- Shopping Bag ( 0 items )
A chilling story of ambition, Daphne du Maurier's third novel has lost none of its ability to unsettle and disturb. Julius Lévy has grown up in a peasant family in a village on the banks of the Seine. A quick-witted urchin caught up in the Franco-Prussian War, he is soon forced by tragedy to escape to Algeria. Once there, he learns the ease of swindling, the rewards of love affairs, and the value of secrecy. Before he’s 20, he’s in London, where his empire-building begins in earnest. Driven by a lifelong hunger ...
A chilling story of ambition, Daphne du Maurier's third novel has lost none of its ability to unsettle and disturb. Julius Lévy has grown up in a peasant family in a village on the banks of the Seine. A quick-witted urchin caught up in the Franco-Prussian War, he is soon forced by tragedy to escape to Algeria. Once there, he learns the ease of swindling, the rewards of love affairs, and the value of secrecy. Before he’s 20, he’s in London, where his empire-building begins in earnest. Driven by a lifelong hunger for power, he becomes a rich and ruthless man. His one weakness is his daughter Gabriel.
Posted September 27, 2013
I Also Recommend:
"So this faith was meaningless after all; it gave him nothing." Thus concluded Julius Levy, depraved "hero" of Daphne du Maurier's third novel first called THE PROGRESS OF JULIUS and later simply JULIUS (1933). Julius concluded as he did in Paris, in a suburb of which he had been born seven decades earlier in 1860. Now the richest man in England, he lived a rich recluse in the land of his birth. He was driven to the last of the many visits to synagogues and temples he had made since childhood. It was "the great oratory in the Rue de la Victoire where the wealthy Israelites of Paris worshipped, wrapped in their furs. ... there were violins in the choir, and there were harps, and great sonority of sound, but there was no melody of beauty that rose like a bird in the air. Julius came away disappointed, bored. So this faith was meaningless afer all, it gave him nothing. Once more he must rely on himself for supreme understanding" (Part Five 1920 - 1932). ***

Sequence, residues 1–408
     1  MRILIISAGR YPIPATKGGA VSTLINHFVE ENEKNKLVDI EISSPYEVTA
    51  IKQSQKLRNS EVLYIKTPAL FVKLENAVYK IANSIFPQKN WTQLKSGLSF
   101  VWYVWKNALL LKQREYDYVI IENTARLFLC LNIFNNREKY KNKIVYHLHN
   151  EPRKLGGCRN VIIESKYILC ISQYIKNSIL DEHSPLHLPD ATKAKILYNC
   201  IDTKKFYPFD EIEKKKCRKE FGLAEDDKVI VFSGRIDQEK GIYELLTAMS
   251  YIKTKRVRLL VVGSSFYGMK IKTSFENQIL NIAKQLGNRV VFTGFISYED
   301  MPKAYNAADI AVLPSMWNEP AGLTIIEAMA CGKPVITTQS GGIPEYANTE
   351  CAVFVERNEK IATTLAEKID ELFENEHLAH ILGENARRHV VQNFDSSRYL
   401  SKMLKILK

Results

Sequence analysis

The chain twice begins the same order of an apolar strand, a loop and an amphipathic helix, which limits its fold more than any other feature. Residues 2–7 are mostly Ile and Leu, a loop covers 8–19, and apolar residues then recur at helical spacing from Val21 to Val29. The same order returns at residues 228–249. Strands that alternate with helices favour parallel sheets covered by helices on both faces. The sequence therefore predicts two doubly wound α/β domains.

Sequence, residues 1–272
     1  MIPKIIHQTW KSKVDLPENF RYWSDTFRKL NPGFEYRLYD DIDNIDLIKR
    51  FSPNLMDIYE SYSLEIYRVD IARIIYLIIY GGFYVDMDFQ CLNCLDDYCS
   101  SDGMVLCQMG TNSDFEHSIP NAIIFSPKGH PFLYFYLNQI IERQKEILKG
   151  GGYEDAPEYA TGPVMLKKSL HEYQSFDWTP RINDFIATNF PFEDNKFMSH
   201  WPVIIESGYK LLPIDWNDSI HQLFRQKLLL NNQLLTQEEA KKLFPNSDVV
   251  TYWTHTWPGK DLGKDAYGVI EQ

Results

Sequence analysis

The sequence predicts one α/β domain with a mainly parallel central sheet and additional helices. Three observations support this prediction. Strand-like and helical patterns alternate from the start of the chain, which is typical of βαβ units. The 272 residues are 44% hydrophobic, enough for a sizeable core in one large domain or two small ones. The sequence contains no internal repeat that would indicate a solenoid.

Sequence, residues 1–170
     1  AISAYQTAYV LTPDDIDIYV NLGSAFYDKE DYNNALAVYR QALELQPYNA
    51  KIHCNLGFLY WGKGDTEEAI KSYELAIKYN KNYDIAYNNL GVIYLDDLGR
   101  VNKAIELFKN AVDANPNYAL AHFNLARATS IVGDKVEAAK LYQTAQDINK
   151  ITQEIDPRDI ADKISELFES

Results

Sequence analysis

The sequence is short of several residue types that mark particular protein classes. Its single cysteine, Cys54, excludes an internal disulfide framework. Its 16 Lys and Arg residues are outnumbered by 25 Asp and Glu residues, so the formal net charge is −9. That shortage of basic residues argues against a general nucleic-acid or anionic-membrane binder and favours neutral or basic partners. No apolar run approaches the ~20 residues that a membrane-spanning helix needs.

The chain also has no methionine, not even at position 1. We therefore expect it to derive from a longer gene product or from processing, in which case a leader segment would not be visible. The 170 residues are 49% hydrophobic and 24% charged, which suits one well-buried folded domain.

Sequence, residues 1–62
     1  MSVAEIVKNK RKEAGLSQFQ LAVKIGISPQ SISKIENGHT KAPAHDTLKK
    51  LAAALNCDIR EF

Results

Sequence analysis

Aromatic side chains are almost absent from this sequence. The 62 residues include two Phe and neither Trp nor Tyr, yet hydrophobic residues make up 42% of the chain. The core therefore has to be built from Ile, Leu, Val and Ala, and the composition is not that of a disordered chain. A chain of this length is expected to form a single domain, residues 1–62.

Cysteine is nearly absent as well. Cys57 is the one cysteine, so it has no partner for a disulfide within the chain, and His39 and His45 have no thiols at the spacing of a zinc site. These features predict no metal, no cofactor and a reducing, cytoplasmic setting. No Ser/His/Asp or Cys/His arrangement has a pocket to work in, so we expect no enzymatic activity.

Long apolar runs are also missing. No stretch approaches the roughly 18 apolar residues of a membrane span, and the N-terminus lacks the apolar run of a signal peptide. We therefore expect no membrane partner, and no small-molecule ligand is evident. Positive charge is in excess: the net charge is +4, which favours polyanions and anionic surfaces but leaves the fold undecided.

Readers have been known to glide over this novel's profoundly religious dimension. All his life Julius Levy was drawn to both sides of his family: to his earthy merchant French Catholic grandfather and his mother Louise Blanchard Levy on the one hand and to his Algerian Jewish, mousy, intellectual, dreaming, flute-playing, God-fearing father Paul Levy on the other hand. In the end the worst elements of grandfather Blanchard win out: the sophistical market dictum of "something for nothing," the love of food, drink and women, willingness to do violence to his foes, the Prussian cavalrymen who blow Grandfather's head off and such. ***
But the issue remained long in doubt. Boy Julius's very first visit to a Jewish temple in the besieged Paris of 1871 made him resolve to be a rabbi. Later when a rabbi in Algiers (French "Alger") took in Julius and his dying father, Julius once again resolved to study for the rabbinate. And he did so for years, increasingly for the wrong reasons (free food and lodging). By day and night he would slip out to trade stolen mules in the great bazaar, to overnight with a black prostitute and worse. But in the temple he became another person, the real Julius Levy? The rabbi marveled at "... his silence, his attitude of worship, his utter denial of the world when in the presence of God." Was Julius's undeniable dark side mere adolescence, to be grown out of "into a sound wisdom?" (Part Two 1875 - 1890). ***
Daphne du Maurier probes the soul of a thoroughly bad man who might have been a saint. Whatever he loved he must possess. And what Julius possessed no one else might. Hence he drowned both a beloved cat and a much worshipped daughter (she wanted to leave him to love a husband to be). Was it ego, self-love, self-overestimation that made Julius a monster to stand with Oscar Wilde's Dorian Gray? Du Maurier does not make it clear why he chose the path to enormous wealth at the expense of losing his soul. At the end of Rudyard Kipling's KIM, we readers are not sure: will young Irish Kimball O'Hara opt for the Buddhist Way of his beloved Red Lama or join Mahbub Ali in a career of spying for the British Raj in "the Great Game?" Kim would choose between two good careers. By contrast Dorian Gray and Julius Levy chose paths to hell. ***
JULIUS is a religious novel. Had Julius Levy wholeheartedly embraced his father Paul's profound Judaism, he would have done well. He did not. And the result was a horrible life. -OOO-
Posted June 5, 2009
No text was provided for this review.
Posted October 27, 2008
No text was provided for this review.